This compact volume offers in very readable form a survey of Curaçao society from its foundations as a Dutch trading post in the seventeenth century and its experience as a slave colony, to the decolonization process in the twentieth century.

Among the authors conclusions about the nature of Curaçao slave society is that “leniency” was not necessarily culturally determined. A comparison with Dutch Surinam, and an examination of plantation society in Curaçao itself, where conditions led to the 1795 slave revolt, reveals the existence of some harsher master-slave relationships in the Dutch slave regime. Rather, the general character of slavery in Curaçao was governed by the reality that most slave owners had only a few slaves, and mutual dependence between slave and owner qualified the harshness of the relationship between them.

A second conclusion is that rigid distinctions cannot be made among artisan, household, and agricultural slaves since the labor of each slave varied considerably.

The discussion in the second chapter demonstrates that emancipation (August 2, 1862) did not transform legal freedom into social and economic improvement for the laborer and that the law was used as an instrument to reinforce the free laborer’s dependence on the planter, while color discrimination became an important variable in interpersonal relations and social mobility.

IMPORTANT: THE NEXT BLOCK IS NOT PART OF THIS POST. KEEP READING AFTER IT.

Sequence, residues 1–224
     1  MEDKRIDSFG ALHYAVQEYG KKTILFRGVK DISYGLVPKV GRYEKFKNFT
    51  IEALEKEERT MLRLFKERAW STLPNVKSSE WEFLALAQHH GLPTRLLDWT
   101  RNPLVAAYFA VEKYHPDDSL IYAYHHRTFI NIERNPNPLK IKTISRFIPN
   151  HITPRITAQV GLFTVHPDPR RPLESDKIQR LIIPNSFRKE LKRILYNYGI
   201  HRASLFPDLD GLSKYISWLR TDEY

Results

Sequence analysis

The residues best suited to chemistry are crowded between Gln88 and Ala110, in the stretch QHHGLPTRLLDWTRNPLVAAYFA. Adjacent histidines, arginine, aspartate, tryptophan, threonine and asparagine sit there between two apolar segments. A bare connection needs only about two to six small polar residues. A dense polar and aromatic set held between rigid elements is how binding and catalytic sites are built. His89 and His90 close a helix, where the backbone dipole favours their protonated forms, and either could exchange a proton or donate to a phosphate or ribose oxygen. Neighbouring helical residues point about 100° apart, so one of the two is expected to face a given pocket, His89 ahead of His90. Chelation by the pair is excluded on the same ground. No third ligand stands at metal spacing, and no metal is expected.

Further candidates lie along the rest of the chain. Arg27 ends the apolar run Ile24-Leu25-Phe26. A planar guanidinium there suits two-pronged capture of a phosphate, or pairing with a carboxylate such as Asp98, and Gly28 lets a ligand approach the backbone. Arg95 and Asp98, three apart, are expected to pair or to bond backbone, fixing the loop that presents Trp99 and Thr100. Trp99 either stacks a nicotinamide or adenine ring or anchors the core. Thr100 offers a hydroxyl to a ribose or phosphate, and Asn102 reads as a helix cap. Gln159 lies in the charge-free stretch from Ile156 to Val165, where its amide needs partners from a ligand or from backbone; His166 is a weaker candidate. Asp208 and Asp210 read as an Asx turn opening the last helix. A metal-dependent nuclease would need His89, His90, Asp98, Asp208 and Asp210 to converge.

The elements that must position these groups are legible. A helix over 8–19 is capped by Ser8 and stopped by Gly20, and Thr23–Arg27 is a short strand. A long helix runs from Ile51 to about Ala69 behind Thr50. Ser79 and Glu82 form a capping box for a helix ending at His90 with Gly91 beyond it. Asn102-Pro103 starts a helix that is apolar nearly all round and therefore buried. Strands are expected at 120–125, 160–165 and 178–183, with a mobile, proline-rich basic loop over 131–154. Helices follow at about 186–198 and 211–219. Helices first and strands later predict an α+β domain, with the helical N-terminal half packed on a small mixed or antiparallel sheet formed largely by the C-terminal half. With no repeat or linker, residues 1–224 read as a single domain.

The third chapter examines the transformation of the stagnant economy of the postemancipation era, under the impetus of oil refining, and discusses the implications for modern political movements, the formation of labor unions, modification of the racially based class structure, and the general factors, including racial ones, that sparked the 1969 riots.